5. Burning incense and having a candle are not necessary, but they can add a little extra inspiration.
  6. It is good to meditate early in the morning. It is said the best time is 3am, although, I feel it is more important to be awake and not sleepy, I meditate at 6.30am.

This morning I had my first attempt at meditation.  I started by lying down which I quickly realized was a bad idea. At 5:45am, that just meant going right back to sleep.  However, once I sat up, I kind of got into the groove of things. Just for the record, clearing your mind is hard.  I ended up doing more visualization of me kicking butt at my next race than clearing my mind and meditating. Beneficial? Perhaps, but not what I was suppose to be doing.  I will try again tomorrow and 28 days after that.  Hopefully if I can get the hang of this, it will become a daily habit and not just a 30 day challenge.

Photo Source: Tevaprapas Makklay, Wikimedia Commons

Happy Trails and Happy Running,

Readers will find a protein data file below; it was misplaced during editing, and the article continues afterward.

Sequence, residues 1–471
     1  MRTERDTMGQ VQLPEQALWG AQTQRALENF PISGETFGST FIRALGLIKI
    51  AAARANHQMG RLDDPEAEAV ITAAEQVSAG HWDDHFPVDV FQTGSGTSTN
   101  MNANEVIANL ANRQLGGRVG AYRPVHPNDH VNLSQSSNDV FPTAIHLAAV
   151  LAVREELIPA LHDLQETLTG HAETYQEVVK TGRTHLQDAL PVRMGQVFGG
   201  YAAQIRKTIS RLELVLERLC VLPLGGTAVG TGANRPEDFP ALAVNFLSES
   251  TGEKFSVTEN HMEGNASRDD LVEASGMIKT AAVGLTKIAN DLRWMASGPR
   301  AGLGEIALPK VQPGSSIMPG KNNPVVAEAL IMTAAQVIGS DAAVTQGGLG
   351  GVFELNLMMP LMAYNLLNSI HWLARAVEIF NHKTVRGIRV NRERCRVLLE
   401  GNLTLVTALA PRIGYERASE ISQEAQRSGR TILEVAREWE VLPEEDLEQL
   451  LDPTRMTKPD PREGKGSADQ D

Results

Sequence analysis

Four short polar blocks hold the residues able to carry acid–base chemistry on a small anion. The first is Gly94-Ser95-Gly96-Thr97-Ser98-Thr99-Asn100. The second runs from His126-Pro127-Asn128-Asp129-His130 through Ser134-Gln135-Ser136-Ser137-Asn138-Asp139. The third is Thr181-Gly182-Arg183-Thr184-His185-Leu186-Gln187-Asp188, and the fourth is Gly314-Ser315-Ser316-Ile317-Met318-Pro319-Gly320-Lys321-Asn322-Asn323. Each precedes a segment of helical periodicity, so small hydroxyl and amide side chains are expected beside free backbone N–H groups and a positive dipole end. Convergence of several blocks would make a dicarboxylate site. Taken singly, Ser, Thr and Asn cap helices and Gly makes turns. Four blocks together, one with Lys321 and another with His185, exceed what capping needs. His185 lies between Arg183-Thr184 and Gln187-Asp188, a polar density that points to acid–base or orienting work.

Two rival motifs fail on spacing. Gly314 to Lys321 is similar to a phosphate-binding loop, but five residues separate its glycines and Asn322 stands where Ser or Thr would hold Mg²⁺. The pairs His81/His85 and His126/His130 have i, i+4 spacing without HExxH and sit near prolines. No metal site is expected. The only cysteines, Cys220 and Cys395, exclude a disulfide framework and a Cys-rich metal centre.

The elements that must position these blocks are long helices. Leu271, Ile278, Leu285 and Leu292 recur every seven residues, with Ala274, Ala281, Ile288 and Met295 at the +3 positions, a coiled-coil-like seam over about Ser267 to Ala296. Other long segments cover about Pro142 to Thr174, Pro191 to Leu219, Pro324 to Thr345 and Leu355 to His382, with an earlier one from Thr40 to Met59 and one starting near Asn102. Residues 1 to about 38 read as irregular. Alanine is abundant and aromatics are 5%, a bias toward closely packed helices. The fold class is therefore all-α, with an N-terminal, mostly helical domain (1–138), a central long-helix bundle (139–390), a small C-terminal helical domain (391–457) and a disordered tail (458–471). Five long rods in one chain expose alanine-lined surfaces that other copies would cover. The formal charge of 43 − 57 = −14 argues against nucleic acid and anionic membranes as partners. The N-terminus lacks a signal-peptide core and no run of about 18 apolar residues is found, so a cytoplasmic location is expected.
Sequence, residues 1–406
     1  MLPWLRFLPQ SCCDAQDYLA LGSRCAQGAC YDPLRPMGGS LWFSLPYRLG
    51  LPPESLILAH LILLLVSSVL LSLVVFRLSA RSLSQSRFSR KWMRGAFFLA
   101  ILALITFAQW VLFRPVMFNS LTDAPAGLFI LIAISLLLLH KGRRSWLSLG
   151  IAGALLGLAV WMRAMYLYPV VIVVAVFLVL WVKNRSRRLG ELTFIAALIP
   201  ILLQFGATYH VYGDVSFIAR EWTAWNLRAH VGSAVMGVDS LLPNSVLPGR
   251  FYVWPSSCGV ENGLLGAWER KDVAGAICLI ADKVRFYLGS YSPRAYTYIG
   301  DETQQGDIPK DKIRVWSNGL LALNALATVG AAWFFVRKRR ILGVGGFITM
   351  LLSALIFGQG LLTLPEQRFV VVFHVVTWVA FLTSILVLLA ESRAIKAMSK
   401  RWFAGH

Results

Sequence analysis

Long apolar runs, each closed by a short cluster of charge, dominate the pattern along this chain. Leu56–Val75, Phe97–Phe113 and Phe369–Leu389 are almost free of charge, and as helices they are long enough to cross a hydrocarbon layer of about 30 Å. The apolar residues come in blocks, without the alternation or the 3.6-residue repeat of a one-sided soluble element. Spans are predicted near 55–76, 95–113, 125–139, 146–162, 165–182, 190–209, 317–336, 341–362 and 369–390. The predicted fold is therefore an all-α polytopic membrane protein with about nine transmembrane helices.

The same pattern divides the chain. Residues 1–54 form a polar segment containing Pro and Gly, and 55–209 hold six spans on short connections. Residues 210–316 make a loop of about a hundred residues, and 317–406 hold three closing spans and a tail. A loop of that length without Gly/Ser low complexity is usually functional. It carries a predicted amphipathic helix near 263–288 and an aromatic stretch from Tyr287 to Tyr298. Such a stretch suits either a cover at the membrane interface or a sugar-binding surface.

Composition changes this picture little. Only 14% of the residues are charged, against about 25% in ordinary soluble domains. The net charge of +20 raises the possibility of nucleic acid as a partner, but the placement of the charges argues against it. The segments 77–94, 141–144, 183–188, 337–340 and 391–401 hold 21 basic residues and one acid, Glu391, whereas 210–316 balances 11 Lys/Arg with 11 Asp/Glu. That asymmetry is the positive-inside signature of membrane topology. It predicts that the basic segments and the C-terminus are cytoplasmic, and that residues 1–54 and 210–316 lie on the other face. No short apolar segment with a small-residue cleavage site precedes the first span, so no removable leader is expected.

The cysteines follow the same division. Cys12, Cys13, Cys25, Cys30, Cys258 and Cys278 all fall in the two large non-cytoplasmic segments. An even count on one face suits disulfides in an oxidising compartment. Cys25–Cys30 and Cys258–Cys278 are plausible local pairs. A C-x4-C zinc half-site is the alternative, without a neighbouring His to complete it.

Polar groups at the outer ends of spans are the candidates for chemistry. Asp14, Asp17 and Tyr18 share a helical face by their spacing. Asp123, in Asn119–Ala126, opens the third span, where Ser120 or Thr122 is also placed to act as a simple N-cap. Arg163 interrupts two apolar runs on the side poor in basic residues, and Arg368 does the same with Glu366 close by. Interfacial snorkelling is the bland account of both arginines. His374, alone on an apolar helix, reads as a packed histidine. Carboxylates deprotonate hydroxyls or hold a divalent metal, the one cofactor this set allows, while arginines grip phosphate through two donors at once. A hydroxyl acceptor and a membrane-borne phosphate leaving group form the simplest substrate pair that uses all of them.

Tracie

Advertisements
13 Comments Post a comment
  1. Hi Tracie, Nice post! I like this 30-day challenge idea. I wrote a post about meditation and running with a bit of a different perspective.
    http://irunibreathe.wordpress.com/2012/08/02/will-meditation-make-me-a-faster-runner/

    August 20, 2012
    • Love your post! My favorite line is “It’s as though (in sport) time slows down and all that matters is the moment.” That is SO true. Thinking back on past races, it doesn’t matter what I did before or what I will do afterwards. I am in that very moment just running and it is fabulous. Thanks for sharing your great post 🙂

      August 21, 2012
  2. I have heard of some great benefits from meditation for running. I should try getting on that 30 day habit building schedule! If you’re interested, check out the book “Zen and the Art of Running.” Really really great read, and you can find it used quite cheap online.

    August 20, 2012
    • You should do it! 30 days will go by faster than you realize and it is a great way to try something you have always wanted to do. After the marathon season is over, I’m going to try swimming for one of my challenges. I’ve always wanted to do a triathlon and this will get me going in the right direction.

      Thanks for the book suggestions. It sounds like a fabulous read and I will definitely add it to my reading list. 🙂 Have a great Tuesday!!!